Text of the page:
Four months after the release of the last volume, Manga Entertainment has finally graced UK viewers with the second part of Guilty Crown. Although I am no marketing expert, I’d have to imagine that making fans wait so long between releases can only be detrimental for a show’s sales figures. By this stage some anime shoppers are likely to have forgotten about the show’s existence, especially when you consider that the first instalment wasn’t particularly memorable. Don’t get me wrong Guilty Crown isn’t a bad show, but its tendency to “borrow” inspiration from other animes means that it doesn’t stick in your mind (especially for people like myself who have goldfish like memories.)
Those who aren’t so lacking in the memorization department will recall that the first part of Guilty Crown ended on a doozy of a cliffhanger. Episode twelve provides the resolution to that suspenseful finale before leading the series into a new story arc. Given the way things pan out I cannot help but wonder if it wouldn’t have been better to conclude part one with episode twelve, before starting things afresh in this second chapter. Splitting the twenty-two episode series evenly in twain disrupts the flow of the narrative, although I suppose leaving viewers wanting to know what happens next is a good way of ensuring that the subsequent DVDs sell (curse ye manipulative anime distributors!)
Anyway, after the events of part one the poop has finally hit the swirly blades of a fan. Shu, his classmates and the remnants of Funeral Parlour find themselves trapped in Tokyo, which is locked down under quarantine. Seeking refuge from desperate looters and hostile troops our heroes set up camp at their old school in order to plan out their next move. During the turmoil Shu is elected the group’s leader, which is rather odd given that he is Mr Indecisive. As it turns out his promotion to head of the resistance ends up being a masterstroke that fixes my chief complaint with the show.
What I disliked about the first part of Guilty Crown was that its protagonist was a bit of a whiny crybaby. Upon being appointed leader Shu is however forced to man up in order to keep his friends alive and ultimately save the world. The tough choices he is forced to make see him gradually grow into a credible hero, even if it strains his relationships with others. After flip-flopping between high school hijinks and touching drama Guilty Crown finally settles down and decides to run with a darker tone for the remainder of its story. Notable characters die, others switch allegiances and the show’s mysteries are unravelled giving us a more engrossing viewing experience.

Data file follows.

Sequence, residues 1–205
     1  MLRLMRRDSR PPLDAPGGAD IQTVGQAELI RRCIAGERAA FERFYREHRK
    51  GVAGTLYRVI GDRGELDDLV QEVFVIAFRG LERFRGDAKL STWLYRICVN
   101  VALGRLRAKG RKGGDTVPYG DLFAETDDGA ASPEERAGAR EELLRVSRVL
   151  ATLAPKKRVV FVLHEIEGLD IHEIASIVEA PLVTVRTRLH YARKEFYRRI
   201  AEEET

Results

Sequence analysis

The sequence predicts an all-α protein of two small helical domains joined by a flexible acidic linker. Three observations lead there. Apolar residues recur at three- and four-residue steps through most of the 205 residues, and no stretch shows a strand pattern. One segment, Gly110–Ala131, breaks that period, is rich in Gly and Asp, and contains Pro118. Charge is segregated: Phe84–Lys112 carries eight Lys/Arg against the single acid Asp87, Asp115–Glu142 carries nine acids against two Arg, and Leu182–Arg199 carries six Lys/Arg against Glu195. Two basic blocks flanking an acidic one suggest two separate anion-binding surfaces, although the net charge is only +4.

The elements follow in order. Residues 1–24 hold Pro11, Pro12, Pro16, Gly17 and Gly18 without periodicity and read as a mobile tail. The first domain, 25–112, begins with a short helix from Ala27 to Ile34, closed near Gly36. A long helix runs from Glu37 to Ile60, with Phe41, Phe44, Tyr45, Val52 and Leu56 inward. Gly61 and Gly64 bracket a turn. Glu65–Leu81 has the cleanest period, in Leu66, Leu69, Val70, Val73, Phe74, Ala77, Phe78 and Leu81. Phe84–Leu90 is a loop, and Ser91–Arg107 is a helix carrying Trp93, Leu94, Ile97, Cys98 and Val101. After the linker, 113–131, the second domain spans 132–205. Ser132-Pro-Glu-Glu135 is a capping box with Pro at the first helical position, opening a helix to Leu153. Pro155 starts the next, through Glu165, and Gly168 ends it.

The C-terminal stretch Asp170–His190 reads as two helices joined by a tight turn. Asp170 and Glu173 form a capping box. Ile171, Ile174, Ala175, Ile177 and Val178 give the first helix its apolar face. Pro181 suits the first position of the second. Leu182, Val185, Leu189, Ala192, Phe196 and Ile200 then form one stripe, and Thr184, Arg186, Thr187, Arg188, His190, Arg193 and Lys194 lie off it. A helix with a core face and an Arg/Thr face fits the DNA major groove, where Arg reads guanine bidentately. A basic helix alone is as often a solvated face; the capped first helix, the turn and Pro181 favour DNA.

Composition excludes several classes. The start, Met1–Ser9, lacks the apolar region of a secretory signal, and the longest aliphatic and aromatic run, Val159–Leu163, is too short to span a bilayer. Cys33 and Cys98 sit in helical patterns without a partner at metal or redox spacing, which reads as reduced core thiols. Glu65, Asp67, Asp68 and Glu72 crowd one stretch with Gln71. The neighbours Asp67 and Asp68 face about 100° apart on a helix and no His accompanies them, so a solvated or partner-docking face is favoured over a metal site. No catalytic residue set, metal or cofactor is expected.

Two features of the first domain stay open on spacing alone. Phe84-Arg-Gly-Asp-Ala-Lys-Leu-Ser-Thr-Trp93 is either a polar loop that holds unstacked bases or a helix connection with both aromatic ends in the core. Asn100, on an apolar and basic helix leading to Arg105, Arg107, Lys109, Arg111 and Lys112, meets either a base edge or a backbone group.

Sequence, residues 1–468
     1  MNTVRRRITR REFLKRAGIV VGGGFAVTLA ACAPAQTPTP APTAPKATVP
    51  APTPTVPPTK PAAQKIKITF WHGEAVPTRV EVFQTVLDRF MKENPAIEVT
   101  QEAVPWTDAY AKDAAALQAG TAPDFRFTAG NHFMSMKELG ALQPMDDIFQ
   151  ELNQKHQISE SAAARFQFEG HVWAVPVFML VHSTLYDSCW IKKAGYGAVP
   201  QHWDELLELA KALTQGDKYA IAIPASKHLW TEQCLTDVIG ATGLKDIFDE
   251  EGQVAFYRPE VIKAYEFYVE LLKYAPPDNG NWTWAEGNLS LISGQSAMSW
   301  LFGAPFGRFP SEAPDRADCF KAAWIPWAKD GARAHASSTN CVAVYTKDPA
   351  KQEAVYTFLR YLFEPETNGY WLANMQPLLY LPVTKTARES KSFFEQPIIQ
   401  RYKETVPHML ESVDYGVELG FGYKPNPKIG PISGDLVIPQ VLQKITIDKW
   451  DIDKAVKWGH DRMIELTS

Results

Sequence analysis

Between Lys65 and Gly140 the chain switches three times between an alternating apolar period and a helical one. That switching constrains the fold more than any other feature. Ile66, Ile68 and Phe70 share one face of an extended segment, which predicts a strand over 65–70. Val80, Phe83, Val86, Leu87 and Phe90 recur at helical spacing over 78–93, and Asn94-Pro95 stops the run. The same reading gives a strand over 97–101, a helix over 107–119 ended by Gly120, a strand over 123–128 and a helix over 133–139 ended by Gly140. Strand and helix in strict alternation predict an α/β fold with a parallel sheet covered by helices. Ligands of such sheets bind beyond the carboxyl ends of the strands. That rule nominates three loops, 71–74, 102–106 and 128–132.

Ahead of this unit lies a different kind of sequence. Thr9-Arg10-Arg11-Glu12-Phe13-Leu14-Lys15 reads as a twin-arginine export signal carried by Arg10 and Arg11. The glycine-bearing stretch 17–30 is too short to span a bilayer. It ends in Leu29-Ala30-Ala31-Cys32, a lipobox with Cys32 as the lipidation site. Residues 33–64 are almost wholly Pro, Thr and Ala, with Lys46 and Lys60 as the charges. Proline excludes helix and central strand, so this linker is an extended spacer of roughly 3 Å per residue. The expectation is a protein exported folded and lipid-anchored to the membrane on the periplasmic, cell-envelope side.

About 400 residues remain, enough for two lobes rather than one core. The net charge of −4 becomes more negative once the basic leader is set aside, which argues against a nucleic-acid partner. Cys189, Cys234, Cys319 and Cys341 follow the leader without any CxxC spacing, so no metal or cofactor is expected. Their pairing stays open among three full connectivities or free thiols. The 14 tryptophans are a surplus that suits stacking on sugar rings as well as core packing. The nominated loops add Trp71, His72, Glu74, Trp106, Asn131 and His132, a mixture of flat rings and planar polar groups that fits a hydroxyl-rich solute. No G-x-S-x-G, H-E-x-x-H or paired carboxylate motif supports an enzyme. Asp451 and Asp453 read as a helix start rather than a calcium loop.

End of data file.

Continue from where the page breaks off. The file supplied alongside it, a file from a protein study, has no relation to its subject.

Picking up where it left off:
My rating for Guilty Crown (Part Two) is a four out of five. It’s a show that rewards viewers who did not abandon it prematurely. Anyone who perseveres with it beyond the mediocre first part will be pleased to see that as the story matures it improves substantially around the halfway mark. The only gripe I had with this second collection is that the final episode feels like it is desperately rushing to wrap up all the loose plot threads within its twenty-minute running time. In hindsight the series may have benefitted from being twenty-four episodes long.
Part two is however still guilty of pilfering ideas from other shows. The way in which the meteor virus plot plays out feels a lot like Evangelion mixed with a smidgen of Darker than Black. The whole notion of a kid with powers trying to overthrow Japan’s oppressors also comes across like a poor man’s Code Geass. Thankfully the plagiarism of ideas is easier to overlook in this second instalment as the character relationships are better developed. Disabled mech pilot Ayase continues to be my favourite character so it’s a shame that she didn’t get more to do, aside from wrestling with feelings of uselessness stemming from her handicap.
After seeing the series to its fruition I can say that I recommend Guilty Crown to fans of science fiction animes. Viewers who prefer more lighthearted shows may not approve of the darker direction taken in part two, but I personally enjoyed it. The action sequences throughout the twenty-two episodes are a spectacular sight to behold. The use of still frames does however begin to creep into the later episodes, possibly indicating that the producers were feeling the budgetary pinch of delivering a show with such high production values. Although the talent behind the series didn’t manage to give us a timeless classic, after a slow start Guilty Crown did at least manage to exceed my expectations.